Just as 146 looks very much like a comment on Hume, or more likely a Humean way of thinking Nietzsche picked up from other sources; 147 looks very much like a comment on Aristotle.  I find this particularly interesting, since there is some recent work on seeing Nietzsche in terms of Aristotle (e.g. Christine Swanton) and Hume (e.g. Peter Kail), and certainly Nietzsche needs to be situated in relation to them.  The naturalist elements may be a big sources for naturalist elements in Nietzsche, though we would also need to think about Lucretius and Spinoza here.

What 147 suggests to me is certainly that we need to think about Nietzsche in relation to Aristotle, but not by seeing him as continuous with Aristotle.  There is a very strong opposition made in 147, though that is not the end of the story either,  A full account of Nietzsche on value (moral values or values of life, there is an interesting issue here of which is more appropriate), should certainly bring in Aristotle on virtue, or excellence. (arete/άρετή); more on that, and all these issues, on other occasions.

The first thing to note about 147 is that it is directed against Aristotle’s well known statement inPolitics I, that man is a political, or social animal.  Aristotle goes on to suggest that life outside the community (polis/πόλις), is only possible for a god or an animal.  In 147, Nietzsche refers to ‘divine selfishness’ and ‘the dear animal world’ in being alone.  He brings up that possibility as a reaction to the possibility of being loved by everyone.  Being loved by everyone, instead of one person, is an unbearable burden.  In this Nietzsche might be following Aristotle.  In the Nicomachean Ethics, Aristotle does suggest that the more friends someone has, the less value friendship has.  He also suggests that a god has a perfect live, which does not need friends, in a life of self-contemplation.  That leads us back to the god in the Politics outside the community.  However, in the Politics, Aristotle suggests a rather grotesque kind of divinity, Polyphemus, the one eyed giant, son of Poseidon.  The divine and the bestial come together.  Nietzsche provides a more positive sense of how the divine and the bestial can combine.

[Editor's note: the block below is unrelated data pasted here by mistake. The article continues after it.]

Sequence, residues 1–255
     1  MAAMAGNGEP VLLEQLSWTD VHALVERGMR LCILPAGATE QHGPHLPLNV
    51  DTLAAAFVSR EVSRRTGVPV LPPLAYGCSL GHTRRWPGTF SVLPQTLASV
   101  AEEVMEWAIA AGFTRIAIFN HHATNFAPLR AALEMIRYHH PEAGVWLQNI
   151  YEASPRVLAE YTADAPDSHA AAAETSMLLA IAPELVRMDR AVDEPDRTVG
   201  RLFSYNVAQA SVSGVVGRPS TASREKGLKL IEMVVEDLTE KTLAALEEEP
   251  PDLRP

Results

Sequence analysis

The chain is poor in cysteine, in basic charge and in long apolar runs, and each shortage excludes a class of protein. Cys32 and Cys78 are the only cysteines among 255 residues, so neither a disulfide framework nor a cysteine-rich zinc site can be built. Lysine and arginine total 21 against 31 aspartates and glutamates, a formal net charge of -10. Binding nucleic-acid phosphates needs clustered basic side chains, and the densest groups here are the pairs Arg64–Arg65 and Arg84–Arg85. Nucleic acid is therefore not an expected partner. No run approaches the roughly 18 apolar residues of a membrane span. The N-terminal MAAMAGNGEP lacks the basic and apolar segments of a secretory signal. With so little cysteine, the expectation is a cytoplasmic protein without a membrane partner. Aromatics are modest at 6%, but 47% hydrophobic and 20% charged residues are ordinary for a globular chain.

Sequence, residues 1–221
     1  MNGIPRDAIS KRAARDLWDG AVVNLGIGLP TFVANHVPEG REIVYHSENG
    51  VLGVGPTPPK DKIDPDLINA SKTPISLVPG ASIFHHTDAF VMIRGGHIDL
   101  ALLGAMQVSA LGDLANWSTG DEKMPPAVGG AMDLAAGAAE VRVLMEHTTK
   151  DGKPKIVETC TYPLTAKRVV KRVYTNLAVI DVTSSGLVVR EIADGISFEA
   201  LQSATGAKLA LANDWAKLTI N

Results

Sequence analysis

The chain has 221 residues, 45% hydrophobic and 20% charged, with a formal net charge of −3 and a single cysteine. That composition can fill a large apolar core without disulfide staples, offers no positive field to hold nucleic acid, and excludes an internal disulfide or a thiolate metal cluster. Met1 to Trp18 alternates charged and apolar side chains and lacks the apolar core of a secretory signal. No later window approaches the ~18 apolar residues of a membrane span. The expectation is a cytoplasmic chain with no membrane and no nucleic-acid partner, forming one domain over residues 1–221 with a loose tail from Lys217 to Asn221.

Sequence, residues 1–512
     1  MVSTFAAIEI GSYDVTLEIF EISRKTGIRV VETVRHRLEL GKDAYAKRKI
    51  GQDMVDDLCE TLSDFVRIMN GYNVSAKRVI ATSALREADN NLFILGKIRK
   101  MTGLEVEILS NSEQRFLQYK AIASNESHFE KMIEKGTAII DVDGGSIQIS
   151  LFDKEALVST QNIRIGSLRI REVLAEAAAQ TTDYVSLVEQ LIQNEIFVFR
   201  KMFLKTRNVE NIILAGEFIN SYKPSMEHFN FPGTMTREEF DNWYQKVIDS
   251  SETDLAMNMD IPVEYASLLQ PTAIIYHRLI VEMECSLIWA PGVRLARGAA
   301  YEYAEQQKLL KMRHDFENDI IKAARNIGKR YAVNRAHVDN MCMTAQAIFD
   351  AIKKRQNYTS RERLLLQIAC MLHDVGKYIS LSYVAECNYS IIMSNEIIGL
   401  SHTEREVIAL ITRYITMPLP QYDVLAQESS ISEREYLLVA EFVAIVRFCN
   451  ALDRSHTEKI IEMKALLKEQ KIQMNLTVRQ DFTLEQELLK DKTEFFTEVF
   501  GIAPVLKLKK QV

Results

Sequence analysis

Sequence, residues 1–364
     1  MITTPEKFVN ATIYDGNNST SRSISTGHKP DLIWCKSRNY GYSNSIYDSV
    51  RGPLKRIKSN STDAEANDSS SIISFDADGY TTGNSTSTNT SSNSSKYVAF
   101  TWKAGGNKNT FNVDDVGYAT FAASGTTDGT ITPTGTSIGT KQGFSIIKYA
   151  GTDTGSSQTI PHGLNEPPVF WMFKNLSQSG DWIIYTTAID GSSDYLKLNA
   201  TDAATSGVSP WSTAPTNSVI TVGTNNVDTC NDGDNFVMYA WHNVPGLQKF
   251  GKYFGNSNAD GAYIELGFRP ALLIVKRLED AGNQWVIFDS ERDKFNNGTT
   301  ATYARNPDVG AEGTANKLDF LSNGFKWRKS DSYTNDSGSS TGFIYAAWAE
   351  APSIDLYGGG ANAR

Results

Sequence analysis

This divine-bestial possibility is staged as a negative reaction to the extreme of universal love, but it is not just staged as a reaction to an extreme circumstance.  Nietzsche is drawing out attention to something disturbing about the ideal of love between humans, how can we respond to universal love? How can we keep our own individuality, decisions and actions?  Love as altruism, this seems not to be eros that Niezsche is discussing, is again undermined as it was in 146.  The implicit target was Hume, or ‘English psychologists’, now it is Aristotle.

Dawn 147

Cause of ‘altruism’. — Men have on the whole spoken of love with such emphasis and so idolised itbecause they have had little of it and have never been allowed to eat their fill of this food: thus it became for them ‘food of the gods’.  Let a poet depict a utopia in which there obtains universal love, he will certainly have to describe a painful and ludicrous state of affairs the like of which the earth has never yet seen — everyone worshipped, encumbered and desired, not by one lover, as happens now, but by thousands, indeed by everyone else, as the result of an uncontrollable drive which would then be as greatly execrated and cursed as selfishness had been in former times; and the poets in that state of things — provided they were left alone long enough to write — would dream of nothing but the happy, loveless past, of divine selfishness, of how it was once possible to be alone, undisturbed, unloved, hated, despised on earth, and whatever else may characterise the utter baseness of the dear animal world in which we live.